Coronavirus-related forbearance programs succeeded in limiting mortgage default, particularly among borrowers with the greatest financial need, the Government Accountability Office said, in a report released Monday.
GAO reported that Black and Hispanic borrowers, who were more likely to feel the economic effects of the pandemic, have used forbearance at about twice the rate of White borrowers.
The report stated that loans insured by the Federal Housing Administration had the highest rate of forbearance. Those loans are targeted to first-time, minority and low- and moderate-income homebuyers.
The GAO reported that nearly half of the loans that have entered forbearance since March 2020 were still in forbearance in February 2021.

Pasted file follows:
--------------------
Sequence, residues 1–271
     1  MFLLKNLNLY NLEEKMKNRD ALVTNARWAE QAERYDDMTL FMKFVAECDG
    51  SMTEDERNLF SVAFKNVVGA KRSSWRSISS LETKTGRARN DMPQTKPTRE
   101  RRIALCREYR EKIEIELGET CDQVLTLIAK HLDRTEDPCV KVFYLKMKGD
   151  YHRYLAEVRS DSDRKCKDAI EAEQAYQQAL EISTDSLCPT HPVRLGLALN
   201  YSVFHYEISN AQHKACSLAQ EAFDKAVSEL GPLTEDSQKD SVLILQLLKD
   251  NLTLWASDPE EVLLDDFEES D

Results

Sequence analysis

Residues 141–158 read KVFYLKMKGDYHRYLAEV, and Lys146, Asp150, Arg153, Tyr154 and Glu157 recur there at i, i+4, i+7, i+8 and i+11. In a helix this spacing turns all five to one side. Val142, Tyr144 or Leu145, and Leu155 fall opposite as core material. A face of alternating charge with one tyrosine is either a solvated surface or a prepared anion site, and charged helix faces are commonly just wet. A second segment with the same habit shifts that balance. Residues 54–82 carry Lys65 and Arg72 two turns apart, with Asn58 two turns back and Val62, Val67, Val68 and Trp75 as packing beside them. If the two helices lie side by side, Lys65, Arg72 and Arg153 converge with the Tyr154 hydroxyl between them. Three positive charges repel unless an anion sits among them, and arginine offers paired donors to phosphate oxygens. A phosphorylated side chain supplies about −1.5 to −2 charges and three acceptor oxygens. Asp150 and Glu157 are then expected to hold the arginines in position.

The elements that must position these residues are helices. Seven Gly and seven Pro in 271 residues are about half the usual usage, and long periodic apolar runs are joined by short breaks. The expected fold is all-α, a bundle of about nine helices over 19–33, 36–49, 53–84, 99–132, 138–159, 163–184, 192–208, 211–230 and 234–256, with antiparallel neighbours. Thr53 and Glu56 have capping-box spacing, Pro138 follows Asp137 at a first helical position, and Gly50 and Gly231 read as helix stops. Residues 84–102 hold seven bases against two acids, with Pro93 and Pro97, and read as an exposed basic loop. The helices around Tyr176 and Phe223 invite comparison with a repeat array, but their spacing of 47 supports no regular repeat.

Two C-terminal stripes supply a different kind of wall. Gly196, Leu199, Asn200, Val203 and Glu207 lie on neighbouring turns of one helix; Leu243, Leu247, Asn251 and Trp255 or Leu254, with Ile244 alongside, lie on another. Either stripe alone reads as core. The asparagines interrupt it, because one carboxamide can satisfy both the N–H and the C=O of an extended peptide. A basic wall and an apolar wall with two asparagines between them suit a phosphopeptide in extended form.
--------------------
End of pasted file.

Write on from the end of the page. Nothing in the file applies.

However, GAO also warned that many borrowers may need additional help in making payments when forbearance ends.
Congress included forbearance provisions in coronavirus economic stimulus legislation in an effort to fend off foreclosures. And federal agencies have issued foreclosure moratoriums to help homeowners stay in their homes
“New foreclosures have declined and remained low during the pandemic because of federal foreclosure moratoriums,” GAO said. The report said that new foreclosures among all single-family loans declined by 85% in June 2020, compared with the previous June.
GAO said it has analyzed the National Mortgage Database and found that borrowers in forbearance will have to repay an average of eight monthly mortgage payments as forbearance ends. However, the GAO also said that the risk of a spike in defaults and foreclosures is somewhat mitigated by the strong equity position homeowners find themselves in as a result of soaring home prices.